Expect the following technology stocks to be among Friday's most actively traded issues: Ariba, Fairchild Semiconductor, GLobal Crossing and Wind River Systems.
Ariba shares figure to take off Friday after it announced its second 2-for-1 split in the past three months after the bell.
Its shares closed up 19 13/16 to an all-time high of 299 11/16 ahead of the announcement.
Company officials said the split will take effect around March 31 for all shareholders of record on March 20. After the split, the business-to-business e-commerce services provider will have more than 184 million shares outstanding.
In its latest quarter, Ariba topped analysts' estimates, posting a loss of $5.6 million, or 7 cents a share, on sales of $23.5 million.
Expect Fairchild Semiconductor to attract more than its usual amount of attention Friday after CFO Joe Martin told analysts the chipmaker said it will double its annual sales by 2002.
Martin made the bold projection late Thursday at the Robertson Stephens Tech 2000 conference in San Francisco.
"Our market is strong and our growth strategy is in place," Martin said. "The total available market for those semiconductors belonging to the multi-market segment is expected to reach $60-billion by 2002, according to the Semiconductor Industry Association. Fairchild, with its strong emphasis on new product development and strategic acquisitions, is poised to capitalize on this opportunity.''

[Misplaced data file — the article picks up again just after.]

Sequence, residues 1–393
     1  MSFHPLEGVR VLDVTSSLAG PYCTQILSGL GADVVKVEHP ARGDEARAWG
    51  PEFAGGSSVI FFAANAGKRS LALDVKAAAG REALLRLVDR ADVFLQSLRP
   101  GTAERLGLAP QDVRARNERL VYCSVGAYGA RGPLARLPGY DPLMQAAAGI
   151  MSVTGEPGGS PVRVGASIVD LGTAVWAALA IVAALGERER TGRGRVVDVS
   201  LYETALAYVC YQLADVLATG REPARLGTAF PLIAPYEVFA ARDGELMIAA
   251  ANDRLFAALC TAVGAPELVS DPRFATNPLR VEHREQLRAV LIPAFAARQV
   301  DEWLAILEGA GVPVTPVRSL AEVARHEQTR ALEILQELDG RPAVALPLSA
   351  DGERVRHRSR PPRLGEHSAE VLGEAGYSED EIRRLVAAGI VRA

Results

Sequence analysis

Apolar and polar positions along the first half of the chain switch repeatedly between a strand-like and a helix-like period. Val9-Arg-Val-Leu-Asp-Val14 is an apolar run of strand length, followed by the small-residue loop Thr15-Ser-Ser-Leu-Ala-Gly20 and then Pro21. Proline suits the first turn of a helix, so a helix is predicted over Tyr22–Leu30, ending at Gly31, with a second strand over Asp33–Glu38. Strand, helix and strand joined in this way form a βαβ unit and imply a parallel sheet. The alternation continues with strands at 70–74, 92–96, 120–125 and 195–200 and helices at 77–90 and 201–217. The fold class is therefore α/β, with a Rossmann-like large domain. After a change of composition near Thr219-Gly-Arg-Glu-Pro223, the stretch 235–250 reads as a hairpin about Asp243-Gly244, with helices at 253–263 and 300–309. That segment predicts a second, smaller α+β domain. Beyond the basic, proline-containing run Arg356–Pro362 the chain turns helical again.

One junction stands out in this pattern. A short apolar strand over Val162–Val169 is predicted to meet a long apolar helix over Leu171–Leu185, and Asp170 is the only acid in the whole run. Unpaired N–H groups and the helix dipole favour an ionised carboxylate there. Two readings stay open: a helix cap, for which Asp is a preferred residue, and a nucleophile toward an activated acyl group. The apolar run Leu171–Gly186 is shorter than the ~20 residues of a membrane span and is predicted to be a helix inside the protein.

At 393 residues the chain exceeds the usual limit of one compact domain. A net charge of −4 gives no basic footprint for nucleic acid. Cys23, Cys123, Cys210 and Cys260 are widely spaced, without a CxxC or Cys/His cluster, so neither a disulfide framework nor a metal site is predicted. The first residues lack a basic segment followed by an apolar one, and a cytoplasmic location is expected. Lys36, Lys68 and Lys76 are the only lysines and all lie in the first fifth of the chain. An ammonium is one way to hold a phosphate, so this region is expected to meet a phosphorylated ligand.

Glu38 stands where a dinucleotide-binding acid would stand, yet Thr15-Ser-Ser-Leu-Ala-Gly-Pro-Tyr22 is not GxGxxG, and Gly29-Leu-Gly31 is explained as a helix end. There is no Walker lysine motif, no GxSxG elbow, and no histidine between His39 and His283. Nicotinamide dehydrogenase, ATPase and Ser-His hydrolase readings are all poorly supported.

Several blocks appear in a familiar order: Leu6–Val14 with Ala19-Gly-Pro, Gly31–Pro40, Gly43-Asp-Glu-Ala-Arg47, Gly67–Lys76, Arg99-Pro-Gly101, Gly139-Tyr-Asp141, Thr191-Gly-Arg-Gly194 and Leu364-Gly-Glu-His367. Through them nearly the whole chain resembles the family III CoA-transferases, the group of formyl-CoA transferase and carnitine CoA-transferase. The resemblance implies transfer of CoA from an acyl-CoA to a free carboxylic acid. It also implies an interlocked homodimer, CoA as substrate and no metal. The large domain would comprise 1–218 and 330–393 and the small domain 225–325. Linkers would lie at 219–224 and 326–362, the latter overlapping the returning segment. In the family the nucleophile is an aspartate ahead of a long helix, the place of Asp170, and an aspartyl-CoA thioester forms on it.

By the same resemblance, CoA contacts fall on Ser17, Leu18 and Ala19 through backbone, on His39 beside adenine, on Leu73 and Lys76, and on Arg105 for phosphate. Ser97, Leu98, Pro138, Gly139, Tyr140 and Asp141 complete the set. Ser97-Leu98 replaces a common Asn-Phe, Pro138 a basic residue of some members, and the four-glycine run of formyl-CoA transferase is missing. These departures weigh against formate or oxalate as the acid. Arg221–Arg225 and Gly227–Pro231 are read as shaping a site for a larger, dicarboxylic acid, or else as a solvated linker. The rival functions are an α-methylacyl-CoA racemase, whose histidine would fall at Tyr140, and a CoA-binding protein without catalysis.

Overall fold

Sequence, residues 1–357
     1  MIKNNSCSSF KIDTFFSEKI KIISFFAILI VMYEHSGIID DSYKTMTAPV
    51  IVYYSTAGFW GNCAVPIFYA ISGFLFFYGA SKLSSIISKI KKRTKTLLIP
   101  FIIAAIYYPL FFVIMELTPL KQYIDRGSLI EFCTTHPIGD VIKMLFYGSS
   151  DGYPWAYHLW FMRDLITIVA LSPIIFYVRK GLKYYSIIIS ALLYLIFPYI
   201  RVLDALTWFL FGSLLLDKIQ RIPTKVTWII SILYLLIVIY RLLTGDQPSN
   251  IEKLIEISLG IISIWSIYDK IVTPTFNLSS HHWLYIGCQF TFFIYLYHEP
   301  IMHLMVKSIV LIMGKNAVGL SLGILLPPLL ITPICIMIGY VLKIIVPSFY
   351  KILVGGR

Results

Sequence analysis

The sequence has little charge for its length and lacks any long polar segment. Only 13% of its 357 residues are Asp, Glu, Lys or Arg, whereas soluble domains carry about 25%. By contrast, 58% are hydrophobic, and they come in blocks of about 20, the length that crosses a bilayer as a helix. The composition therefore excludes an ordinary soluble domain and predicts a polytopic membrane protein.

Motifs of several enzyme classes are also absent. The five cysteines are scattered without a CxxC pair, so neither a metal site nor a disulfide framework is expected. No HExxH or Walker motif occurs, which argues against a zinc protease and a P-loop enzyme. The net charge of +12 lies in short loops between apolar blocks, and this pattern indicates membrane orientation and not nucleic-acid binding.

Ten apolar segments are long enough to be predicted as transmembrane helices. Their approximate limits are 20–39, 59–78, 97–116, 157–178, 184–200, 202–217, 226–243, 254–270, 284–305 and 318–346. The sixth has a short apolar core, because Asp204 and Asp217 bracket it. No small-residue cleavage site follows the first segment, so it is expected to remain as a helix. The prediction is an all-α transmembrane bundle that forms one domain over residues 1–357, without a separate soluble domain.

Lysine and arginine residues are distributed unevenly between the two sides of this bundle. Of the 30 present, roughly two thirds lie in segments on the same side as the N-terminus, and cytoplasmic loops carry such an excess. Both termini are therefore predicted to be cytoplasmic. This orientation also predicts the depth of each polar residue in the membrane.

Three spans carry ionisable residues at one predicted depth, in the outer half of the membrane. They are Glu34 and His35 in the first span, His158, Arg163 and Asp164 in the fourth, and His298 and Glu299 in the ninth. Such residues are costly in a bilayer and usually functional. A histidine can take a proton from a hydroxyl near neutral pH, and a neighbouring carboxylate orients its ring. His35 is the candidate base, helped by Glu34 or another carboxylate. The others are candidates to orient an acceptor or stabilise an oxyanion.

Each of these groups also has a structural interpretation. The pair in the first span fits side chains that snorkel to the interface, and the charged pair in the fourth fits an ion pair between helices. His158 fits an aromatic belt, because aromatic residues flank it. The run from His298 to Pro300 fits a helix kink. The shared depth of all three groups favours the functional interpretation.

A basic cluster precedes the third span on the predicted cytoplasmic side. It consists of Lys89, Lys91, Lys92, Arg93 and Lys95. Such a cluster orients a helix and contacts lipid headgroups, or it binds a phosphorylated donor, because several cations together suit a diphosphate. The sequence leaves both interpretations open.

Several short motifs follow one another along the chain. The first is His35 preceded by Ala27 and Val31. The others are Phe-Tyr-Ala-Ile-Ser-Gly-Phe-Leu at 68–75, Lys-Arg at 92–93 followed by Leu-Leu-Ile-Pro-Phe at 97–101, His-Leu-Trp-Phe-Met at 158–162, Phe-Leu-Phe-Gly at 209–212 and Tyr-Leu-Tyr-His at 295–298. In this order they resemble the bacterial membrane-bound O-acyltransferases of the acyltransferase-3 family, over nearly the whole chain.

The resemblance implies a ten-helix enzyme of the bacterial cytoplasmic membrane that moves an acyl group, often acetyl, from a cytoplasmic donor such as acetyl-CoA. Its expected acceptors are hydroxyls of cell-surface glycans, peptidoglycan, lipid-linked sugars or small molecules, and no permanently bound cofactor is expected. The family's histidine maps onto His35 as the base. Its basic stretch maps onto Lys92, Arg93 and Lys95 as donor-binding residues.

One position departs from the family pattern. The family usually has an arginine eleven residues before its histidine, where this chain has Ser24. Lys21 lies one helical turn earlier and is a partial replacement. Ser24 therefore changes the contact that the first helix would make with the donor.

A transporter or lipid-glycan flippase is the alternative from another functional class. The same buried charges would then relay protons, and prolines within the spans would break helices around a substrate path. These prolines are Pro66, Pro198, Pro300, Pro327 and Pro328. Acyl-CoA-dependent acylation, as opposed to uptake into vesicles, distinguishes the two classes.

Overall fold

Its shares closed off 1 11/16 to 38 7/16 Thursday.
The worldwide voice and data communications network appointed Leo Hindery as chief executive, replacing Bob Annunziata, who will remain a director. Hindery will retain his position as chief executive of Global Crossing's GlobalCenter Inc. Web-hosting unit, for which Global Crossing intends to issue a tracking stock, the company said. Global Crossing rose 3 7/16 to 54 3/8
The maker of electronic components said its chief financial officer told a technology conference today that first-quarter profit will be at least 20 percent above analyst estimates of 44 cents a share. Vishay fell 2 5/16 to 46 1/16 at Thursday's close.
It could be a long day for Wind River shareholders Friday after the software developer fell short of analysts' estimates in its fourth quarter, earning $8.9 million, or 19 cents a share, on sales of $53.4 million.
First Call consensus expected it to pocket 21 cents a share in the quarter.
Its shares fell 3 1/2 to 57 ahead of the earnings report.
The $53.4 million in sales marks a 36 percent improvement from the year-ago quarter when it earned $8.5 million, or 19 cents a share, on sales of $39.2 million.
For the year, it raked in $27.2 million, or 61 cents a share, on sales of $171.2 million, up 30 percent from fiscal 1998 when it earned $26.1 million, or 60 cents a share, on sales of $132 million.